Airmic has warned that businesses are struggling to manage exposures in modern supply chains.
The risks were highlighted in a new report, Complex Supply Chains in a Complex World, released at Airmic’s annual ERM Forum in London last week, in collaboration with AIR Worldwide, Gallagher, HDI, Lloyd’s and Sedgwick.
A volatile and more extreme climate is exposing the high volume of stock and supply routes that reside in areas exposed to natural disasters, according to the report.
In 2011, the Thai floods had a huge impact on Japanese and American carmakers, with Honda, Toyota, Ford and Isuzu Motors all having to close production plants.
A concentration of suppliers in a place such as Rojana Industrial Park increases the risk and lowers resilience of a manufacturing base.
Prior to the floods, the park was home to 240 manufacturers, with 20% departing following the natural disaster.
Head of innovation at Lloyd’s, Trever Maynard, commented: “Supply chains are increasingly complex global networks of trade. Disasters in one corner of the world can impact far away businesses in non-physical ways and Lloyd’s is keen to explore how we can protect our customers from risks to their intangible assets.”
Brexit is also contributing as the threat to roll back free trade, global supply networks and cross-border relationships lingers.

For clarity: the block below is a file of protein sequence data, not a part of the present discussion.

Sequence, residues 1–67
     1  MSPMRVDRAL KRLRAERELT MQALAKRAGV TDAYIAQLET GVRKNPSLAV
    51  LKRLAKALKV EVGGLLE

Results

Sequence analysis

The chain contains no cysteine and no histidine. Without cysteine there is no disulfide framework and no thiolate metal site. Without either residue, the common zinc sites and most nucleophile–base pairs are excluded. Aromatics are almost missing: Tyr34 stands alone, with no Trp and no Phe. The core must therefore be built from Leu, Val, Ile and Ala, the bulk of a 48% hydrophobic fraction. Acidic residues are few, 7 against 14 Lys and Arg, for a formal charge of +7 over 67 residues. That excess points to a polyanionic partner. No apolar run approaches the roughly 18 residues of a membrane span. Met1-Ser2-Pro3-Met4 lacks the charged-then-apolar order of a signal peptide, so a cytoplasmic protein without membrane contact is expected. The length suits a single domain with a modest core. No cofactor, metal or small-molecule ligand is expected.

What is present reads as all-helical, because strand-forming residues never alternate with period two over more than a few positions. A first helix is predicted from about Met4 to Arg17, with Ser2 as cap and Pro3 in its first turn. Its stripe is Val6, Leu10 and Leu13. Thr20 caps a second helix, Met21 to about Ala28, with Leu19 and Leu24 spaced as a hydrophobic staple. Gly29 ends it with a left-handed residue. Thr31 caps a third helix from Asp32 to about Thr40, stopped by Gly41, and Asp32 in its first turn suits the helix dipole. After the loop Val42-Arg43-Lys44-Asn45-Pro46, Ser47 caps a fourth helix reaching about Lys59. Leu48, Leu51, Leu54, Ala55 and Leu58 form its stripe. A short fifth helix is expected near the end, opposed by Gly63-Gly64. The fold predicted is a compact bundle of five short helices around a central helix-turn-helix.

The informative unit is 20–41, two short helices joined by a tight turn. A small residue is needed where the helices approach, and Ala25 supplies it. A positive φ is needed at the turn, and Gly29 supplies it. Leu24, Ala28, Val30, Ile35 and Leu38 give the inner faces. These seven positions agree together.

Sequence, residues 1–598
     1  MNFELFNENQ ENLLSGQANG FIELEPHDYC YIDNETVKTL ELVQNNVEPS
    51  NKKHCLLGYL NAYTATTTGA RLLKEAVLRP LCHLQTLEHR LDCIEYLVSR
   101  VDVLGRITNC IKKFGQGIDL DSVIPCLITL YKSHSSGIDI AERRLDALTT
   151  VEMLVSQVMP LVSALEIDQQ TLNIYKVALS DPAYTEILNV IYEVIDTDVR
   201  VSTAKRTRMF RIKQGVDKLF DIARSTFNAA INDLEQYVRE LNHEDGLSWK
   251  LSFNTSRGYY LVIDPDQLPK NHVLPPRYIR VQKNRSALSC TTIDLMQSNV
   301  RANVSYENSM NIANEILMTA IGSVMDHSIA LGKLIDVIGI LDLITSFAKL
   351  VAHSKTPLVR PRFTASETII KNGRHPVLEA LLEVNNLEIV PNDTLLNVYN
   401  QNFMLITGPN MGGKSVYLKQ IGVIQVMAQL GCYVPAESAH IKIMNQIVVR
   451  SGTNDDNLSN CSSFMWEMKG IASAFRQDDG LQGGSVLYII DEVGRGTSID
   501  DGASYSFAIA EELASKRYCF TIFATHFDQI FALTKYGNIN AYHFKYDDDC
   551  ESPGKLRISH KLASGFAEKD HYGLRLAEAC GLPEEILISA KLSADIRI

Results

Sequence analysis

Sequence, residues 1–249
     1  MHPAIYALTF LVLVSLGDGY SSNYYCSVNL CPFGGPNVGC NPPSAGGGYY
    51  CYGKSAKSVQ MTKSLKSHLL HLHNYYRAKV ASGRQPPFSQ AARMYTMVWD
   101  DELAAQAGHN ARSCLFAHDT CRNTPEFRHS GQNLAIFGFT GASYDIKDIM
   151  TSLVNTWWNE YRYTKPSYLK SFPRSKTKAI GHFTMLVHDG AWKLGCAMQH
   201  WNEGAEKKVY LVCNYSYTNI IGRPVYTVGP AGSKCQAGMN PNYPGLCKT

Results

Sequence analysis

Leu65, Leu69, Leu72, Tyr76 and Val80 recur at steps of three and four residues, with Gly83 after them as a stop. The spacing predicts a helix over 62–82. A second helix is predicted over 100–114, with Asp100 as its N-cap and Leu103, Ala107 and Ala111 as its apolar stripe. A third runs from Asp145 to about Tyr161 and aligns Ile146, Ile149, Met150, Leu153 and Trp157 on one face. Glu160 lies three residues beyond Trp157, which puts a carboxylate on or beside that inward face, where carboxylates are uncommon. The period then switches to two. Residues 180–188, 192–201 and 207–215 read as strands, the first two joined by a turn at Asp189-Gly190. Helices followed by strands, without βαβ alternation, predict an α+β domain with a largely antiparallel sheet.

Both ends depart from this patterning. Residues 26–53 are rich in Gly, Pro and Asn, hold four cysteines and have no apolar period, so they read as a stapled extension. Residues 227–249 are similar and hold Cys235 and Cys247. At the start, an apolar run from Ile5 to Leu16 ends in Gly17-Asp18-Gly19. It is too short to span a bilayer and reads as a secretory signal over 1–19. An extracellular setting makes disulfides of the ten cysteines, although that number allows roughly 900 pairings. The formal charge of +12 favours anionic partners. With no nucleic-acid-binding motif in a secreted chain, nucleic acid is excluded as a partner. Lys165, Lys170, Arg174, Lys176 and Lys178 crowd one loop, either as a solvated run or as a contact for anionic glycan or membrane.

A no-deal Brexit could affect the supply chain for steel, as the EU could impose tariffs on steel trade within the UK, driving up manufacturing costs across multiple industries.
Dr Kamban Parasuraman, principal engineer and manager at AIR Worldwide, said: “Political risks and the escalating trade disputes have global companies caught in the crossfire. The evolving political risk landscape will continually force companies to move capacity and redraw the geographic footprint of their supply chains. Mitigating these emerging threats is key to sustainability.”
Another trend putting greater pressure on supply chains is the ever-growing reliance on technology, connected devices and automated production lines.
This leaves businesses vulnerable to an IT outage, cloud disruption or cyber attacks either on their own business or on one of their suppliers.
Airmic stressed that a desire for low cost networks has led to some businesses turning a blind eye to, or missing, the concentration of risk that may be building up in their supply chain.
This could result in a catastrophic event that can bring operations grinding to a halt and inflict significant reputational damage.
“Most businesses have a good understanding of their suppliers, but how many track their suppliers’ suppliers? The web of relationships in a typical modern supply chain is incredibly complex to unpick,” commented Richard Cutcher, research and development manager at Airmic.